To start our trek, the bus drove us down to a dock, where we boarded a boat that would take us across the lake to the shores running alongside the glacier.  We convened at a small lodge, where we were divided up by language (Spanish versus English… though our guide also spoke Italian and German!), then broken into smaller groups and assigned to guides for the actual trek - my group included two women living in New York that I hit it off with immediately, two from Chicago, three Italians, and another guy who was half-German, half-Italian.  We hiked about 45 minutes to get to our entry point, through tall trees, past a small thundering waterfall, with views of the glacier to our side the entire way.  We were given crampons and harnesses (I still don't actually know the purpose of the harnesses, but we wore them), and began our walk on the ice.  

We were incredibly lucky with the weather - we had blue skies the entire day, though we walked through insanely high winds that nearly knocked me over a few times!  We hiked up and down dozens of hills of ice, walked through a gap straddling the edges with a bright blue crevice of ice below us, and posed in front of deep blue pools of glacial water surrounded by white hills and grey mountains.  We took in the stunning views of ice as far as the eye can see - gentle hills and sharp spikes, highlighted in glowing blue, flanked by mountains on either side.  Our guides held us (perhaps that was the reason for the harnesses?) as we peered over ledges and down into massive holes with rushing, winding, tunnels of water.  At one point we broke for lunch, shielded from the wind by a small wall of ice, before continuing on to the top of more small ice hills where the wind nearly toppled us over.  On our way back, we made one of our last stops at a small cave of ice with a pool of crystal blue water beneath it.  It was a gorgeous site, and a perfect way to wrap up a few hours on the glacier.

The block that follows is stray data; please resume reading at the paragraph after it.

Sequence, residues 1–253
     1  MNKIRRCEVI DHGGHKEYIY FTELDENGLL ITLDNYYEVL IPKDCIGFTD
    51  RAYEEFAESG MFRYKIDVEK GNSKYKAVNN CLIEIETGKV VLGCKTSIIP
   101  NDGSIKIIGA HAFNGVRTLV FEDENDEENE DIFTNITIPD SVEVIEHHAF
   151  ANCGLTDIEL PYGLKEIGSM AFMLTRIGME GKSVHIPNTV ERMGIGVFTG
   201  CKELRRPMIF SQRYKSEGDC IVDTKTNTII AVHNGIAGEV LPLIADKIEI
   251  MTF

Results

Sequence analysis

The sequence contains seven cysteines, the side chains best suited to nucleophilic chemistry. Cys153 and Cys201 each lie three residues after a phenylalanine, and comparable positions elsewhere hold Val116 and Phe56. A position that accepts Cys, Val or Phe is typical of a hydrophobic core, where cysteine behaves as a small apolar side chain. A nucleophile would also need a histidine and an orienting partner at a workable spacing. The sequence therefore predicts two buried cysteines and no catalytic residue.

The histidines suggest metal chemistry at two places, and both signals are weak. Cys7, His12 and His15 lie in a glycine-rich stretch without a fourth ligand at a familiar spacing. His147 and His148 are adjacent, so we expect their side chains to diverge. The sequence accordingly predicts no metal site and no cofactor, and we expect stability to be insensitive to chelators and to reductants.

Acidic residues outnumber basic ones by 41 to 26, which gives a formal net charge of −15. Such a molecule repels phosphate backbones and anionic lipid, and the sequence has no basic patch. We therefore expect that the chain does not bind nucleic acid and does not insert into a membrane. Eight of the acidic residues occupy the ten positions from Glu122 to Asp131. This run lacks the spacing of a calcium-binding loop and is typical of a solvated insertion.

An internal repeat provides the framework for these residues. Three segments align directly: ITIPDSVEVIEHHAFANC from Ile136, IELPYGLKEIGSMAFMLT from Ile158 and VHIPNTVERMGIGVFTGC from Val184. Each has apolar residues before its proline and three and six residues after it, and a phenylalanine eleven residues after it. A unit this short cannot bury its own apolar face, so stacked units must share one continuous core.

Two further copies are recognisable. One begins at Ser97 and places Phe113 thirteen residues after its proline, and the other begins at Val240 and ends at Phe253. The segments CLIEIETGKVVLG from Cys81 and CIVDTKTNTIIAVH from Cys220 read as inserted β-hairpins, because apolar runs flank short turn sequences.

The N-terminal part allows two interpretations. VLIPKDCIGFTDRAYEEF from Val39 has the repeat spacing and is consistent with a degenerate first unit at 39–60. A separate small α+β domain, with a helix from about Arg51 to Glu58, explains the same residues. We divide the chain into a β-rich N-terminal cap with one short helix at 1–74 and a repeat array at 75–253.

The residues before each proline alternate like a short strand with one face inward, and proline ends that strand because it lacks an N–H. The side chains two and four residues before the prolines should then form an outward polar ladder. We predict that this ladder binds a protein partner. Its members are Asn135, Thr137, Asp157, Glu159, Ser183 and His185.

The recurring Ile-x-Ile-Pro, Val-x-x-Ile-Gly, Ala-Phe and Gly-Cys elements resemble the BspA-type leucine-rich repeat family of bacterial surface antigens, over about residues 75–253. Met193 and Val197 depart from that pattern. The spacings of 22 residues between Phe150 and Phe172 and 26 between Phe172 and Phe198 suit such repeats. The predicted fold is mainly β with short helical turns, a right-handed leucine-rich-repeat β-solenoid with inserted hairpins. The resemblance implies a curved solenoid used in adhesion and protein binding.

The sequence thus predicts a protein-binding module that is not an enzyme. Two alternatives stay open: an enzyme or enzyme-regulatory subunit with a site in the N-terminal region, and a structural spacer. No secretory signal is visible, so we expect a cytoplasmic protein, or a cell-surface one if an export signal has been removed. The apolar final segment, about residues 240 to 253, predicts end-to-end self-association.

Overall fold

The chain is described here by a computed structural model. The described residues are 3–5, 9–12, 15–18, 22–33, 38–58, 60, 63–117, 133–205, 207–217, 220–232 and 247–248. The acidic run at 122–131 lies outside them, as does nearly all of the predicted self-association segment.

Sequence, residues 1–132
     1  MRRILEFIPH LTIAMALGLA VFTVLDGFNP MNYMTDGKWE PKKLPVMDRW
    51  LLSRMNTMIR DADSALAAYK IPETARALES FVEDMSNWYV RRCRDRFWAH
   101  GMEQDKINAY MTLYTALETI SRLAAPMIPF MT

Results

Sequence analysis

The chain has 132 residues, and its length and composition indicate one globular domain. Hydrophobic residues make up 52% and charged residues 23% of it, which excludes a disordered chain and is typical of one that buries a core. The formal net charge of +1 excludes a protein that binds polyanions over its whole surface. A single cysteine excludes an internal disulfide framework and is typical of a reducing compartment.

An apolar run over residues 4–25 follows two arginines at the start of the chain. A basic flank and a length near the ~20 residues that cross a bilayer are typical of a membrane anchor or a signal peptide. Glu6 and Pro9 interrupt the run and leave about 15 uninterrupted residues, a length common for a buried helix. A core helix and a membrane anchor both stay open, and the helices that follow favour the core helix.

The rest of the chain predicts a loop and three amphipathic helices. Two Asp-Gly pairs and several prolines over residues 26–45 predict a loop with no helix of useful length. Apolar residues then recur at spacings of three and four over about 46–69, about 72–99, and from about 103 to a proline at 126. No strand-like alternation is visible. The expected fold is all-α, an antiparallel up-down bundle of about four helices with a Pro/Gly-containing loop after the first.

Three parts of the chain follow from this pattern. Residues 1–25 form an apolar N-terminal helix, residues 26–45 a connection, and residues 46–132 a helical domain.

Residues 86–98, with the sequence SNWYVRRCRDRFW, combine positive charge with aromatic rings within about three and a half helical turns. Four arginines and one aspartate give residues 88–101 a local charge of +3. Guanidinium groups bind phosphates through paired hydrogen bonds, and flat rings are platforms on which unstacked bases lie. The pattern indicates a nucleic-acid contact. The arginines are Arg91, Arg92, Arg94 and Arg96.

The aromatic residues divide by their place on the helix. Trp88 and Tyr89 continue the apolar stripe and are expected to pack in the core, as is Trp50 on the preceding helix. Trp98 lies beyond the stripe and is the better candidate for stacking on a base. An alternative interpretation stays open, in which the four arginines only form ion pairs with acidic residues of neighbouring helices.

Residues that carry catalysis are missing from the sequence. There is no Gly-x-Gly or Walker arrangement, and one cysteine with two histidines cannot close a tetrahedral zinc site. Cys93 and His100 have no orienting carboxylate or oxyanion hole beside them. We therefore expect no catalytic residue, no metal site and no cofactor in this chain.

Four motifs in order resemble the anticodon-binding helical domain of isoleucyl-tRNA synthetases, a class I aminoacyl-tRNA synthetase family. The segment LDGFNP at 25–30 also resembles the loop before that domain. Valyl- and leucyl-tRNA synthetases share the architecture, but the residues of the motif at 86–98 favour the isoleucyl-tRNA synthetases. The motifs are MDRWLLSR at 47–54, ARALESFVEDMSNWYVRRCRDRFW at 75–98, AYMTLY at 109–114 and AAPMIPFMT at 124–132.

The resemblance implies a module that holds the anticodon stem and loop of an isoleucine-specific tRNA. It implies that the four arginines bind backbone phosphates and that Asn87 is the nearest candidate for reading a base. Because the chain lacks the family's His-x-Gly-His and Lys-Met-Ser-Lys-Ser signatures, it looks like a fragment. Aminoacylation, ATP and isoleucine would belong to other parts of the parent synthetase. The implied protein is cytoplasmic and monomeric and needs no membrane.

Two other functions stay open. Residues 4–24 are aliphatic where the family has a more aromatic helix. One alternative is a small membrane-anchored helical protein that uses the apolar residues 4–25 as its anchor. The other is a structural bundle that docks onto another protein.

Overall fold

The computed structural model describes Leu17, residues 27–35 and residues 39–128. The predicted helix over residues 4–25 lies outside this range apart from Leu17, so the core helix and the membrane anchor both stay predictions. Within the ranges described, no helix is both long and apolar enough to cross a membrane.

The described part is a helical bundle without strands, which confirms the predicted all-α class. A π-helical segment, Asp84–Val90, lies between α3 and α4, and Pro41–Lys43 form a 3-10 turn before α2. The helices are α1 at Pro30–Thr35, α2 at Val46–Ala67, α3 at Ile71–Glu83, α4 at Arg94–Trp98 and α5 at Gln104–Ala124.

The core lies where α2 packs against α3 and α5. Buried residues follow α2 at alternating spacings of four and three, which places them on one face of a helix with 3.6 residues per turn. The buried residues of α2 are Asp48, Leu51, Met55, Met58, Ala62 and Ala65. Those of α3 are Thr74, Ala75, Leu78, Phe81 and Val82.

We trudged back to our exit spot, pulled off our crampons (by the way, make sure you wear tall socks or have tall hiking boots if you decide to wear crampons - I had some nice little blisters from the end of the day from stupidly wearing ankle socks!), and hiked back to the lodge where we had started the trip.  We were treated to hot coffee and a nice view of the glacier as we waited for all the groups to return, after which we boarded the boat to return to the other side.  An even better way to end a day of trekking on snow and ice and being pelted with wind?  Whiskey.  As we stepped on board, we were each handed a glass of Famous Grouse whiskey with a chunk of glacial ice as well as a small parting gift - a metal keyring of a crampon and an airplane-sized bottle of Calafate liquor!  

Since it was still Thanksgiving, a feast of some sort was definitely needed to round out the day.  The New York gals were staying at the same hostel, so we planned on venturing to a nice steakhouse down the road called La Tablita.  It did not disappoint.  We each ordered a "half tenderloin" (probably still 8 oz of meat) and some wine, and we shared gnocchi with pesto, mashed pumpkin and potatoes, grilled vegetables, and a chocolate mousse dessert.  It was truly the perfect way to end such an incredible day, and if I was going to be missing one of my favorite holidays back home, it was a pretty good substitute!!

The next morning, I packed my bags, headed back to the bus station, and ventured north towards my next stop:  El Chaltén.


  1. Great post! Thanks for sharing, Jennifer!

    1. Thanks! Where are your travels taking you these days?

  2. Looked like a great day! Such a magical place

    1. We were so lucky with the weather - you know how it is in Patagonia, always changing!